Climate change is the perfect example of a systemic issue. Oil and gas are deeply intertwined with our global economy and collective way of life. Moving on from these energy sources requires radical change that is primarily being fought for by indigenous leaders, scientists, and young people. Stuyvesant promotes the science that backs the climate movement in its curriculum through classes like AP Environmental Science and Honors Biology. The school is in consensus about climate change being an important and even existential issue, so students should not have to fear the consequences of protesting in favor of solutions. Furthermore, insofar as schools operate to protect students and improve their futures, they should empower them in their fight against crises that pose a threat to our generation’s livelihood and survival, like climate change.

When students have to protest their schools, along with politicians, corporations, and other power structures, problems ensue. For one, many students who wish to attend the protest will not hear about it because it has been barred from school-sanctioned communications. Secondly, divisions are created between students who participate in protests and those who do not. After being turned down by more and more students in favor of academic diligence when promoting climate strikes, I began to question my own. I care about school a lot, and it was difficult for me to accept that other students may view a climate strike as just an opportunity to miss school. The idea that only “slacker” students want to participate in walkout activism delegitimizes the worth of the causes students are fighting for. It further suggests that complacency in unjust systems is important to achieving academic excellence and eventually career success.

The solution is not simple. Stuyvesant cannot start excusing absences for every student initiative. If the administration stopped enforcing the mandated attendance policies, students could take advantage of it, and issues with the DOE might arise. None of this situation would be fair for the staff at Stuyvesant, but there is still a path where everyone could win through compromise. The administration might have to determine the legitimacy of activist causes in some cases, but as long as a cause does not violate Stuyvesant’s “intellectual, moral, and humanistic” values, compromise should not be difficult, especially considering that various private and public schools in NYC already provide a model. Administrators may fear that a policy change will lead to an unmanageable amount of strikes, but in my experience, students care too much about their academic performance to miss school unless the situation is urgent. If no amendments or bends of the attendance policy, such as being marked “absent for a strike,” can be made, Stuyvesant could still alert teachers of the date ahead of time so that they can plan around it. Promotion of the event could be facilitated through Stuyvesant’s regular channels, like the Weekly Update, morning announcements, and Mr. Blumm’s Opportunities Bulletin.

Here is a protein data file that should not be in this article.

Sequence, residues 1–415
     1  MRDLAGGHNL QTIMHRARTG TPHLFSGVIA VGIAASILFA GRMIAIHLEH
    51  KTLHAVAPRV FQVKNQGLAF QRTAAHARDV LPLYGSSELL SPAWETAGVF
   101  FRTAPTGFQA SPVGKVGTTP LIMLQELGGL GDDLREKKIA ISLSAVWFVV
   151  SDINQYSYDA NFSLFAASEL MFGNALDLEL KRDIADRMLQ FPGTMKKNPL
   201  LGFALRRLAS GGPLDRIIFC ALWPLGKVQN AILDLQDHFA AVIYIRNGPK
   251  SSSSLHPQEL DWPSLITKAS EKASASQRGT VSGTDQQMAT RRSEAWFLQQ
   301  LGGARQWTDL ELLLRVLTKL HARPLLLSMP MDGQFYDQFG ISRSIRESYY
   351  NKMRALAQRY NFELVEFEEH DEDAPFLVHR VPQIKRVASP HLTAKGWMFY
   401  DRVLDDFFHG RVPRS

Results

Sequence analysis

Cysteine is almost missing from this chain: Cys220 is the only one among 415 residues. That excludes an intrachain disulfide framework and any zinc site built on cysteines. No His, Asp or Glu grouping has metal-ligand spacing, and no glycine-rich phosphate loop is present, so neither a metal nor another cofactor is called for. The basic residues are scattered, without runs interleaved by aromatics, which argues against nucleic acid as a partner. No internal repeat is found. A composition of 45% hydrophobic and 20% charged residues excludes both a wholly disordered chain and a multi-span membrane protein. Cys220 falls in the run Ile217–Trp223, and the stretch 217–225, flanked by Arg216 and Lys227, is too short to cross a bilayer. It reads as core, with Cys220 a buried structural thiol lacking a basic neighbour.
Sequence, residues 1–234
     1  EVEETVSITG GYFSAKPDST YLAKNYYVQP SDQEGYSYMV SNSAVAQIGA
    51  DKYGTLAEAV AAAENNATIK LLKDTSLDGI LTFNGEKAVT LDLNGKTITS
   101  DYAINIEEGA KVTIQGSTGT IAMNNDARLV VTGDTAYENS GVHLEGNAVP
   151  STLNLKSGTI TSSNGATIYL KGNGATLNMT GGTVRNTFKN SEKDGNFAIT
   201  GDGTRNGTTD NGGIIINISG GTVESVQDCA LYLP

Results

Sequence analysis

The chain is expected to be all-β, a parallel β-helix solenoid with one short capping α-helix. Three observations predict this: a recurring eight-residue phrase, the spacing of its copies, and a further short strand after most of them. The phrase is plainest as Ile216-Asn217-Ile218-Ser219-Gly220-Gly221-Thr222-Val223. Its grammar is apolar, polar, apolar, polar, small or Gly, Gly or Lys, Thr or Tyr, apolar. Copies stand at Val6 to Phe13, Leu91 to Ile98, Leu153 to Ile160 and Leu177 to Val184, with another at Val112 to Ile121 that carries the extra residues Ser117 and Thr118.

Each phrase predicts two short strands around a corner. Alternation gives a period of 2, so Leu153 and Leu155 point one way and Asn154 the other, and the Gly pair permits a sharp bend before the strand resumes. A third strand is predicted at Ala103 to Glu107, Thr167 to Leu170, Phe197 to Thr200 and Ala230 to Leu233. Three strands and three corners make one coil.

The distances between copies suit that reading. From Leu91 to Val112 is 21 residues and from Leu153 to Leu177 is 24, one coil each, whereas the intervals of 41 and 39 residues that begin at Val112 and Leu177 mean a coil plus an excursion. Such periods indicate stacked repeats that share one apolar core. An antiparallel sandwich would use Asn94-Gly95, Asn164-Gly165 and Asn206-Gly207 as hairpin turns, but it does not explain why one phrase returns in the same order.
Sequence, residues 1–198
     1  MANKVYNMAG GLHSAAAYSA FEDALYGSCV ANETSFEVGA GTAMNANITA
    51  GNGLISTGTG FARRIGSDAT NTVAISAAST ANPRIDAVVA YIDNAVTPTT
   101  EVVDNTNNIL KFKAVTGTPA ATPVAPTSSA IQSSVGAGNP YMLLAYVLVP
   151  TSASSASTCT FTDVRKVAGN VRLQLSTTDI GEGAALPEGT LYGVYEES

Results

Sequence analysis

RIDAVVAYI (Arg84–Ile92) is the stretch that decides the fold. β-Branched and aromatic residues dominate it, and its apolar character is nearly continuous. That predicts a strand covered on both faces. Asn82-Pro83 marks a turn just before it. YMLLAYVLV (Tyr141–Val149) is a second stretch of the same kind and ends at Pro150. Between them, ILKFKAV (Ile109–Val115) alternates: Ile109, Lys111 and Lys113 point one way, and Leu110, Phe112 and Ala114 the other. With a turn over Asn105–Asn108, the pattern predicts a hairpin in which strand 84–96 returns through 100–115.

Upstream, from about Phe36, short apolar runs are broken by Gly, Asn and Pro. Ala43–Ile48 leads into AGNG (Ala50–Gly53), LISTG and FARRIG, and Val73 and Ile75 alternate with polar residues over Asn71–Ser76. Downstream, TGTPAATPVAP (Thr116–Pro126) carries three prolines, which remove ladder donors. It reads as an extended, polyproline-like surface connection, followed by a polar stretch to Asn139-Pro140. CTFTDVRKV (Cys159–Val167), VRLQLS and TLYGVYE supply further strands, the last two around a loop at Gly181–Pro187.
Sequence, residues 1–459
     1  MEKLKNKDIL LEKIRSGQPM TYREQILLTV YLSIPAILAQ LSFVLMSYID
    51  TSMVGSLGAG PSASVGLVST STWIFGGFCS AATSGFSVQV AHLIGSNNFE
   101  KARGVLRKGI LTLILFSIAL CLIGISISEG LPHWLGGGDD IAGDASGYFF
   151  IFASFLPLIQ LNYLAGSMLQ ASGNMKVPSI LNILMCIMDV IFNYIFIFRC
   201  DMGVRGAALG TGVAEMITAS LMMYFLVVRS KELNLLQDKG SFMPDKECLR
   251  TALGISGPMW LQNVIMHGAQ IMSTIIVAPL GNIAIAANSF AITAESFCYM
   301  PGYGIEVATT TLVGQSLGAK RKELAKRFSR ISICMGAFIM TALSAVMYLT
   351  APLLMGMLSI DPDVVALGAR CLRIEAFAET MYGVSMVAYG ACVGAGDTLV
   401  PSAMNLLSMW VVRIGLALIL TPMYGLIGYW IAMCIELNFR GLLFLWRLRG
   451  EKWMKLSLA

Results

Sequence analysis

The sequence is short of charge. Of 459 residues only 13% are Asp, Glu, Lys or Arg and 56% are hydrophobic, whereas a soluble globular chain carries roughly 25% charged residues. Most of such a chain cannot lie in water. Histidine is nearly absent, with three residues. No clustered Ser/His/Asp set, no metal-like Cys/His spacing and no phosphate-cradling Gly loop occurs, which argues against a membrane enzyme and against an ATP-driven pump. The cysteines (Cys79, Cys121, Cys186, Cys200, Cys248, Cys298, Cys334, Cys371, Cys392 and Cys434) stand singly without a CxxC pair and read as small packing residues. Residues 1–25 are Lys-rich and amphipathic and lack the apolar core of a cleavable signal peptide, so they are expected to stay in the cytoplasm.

The climate crisis is in progress, and while Stuyvesant prepares and uplifts students who will go on to make huge impacts on our world and possibly innovate solutions, it ignores the impact we could be making as a school right now. Simply teaching about the science of the climate crisis and having an environmental club is not enough. Stuyvesant needs to help students preserve the future that we study for in class. I urge Stuyvesant students to get involved in student activism and for the administration to support our endeavors. Maybe during the next climate strike, we can beat Bronx Science.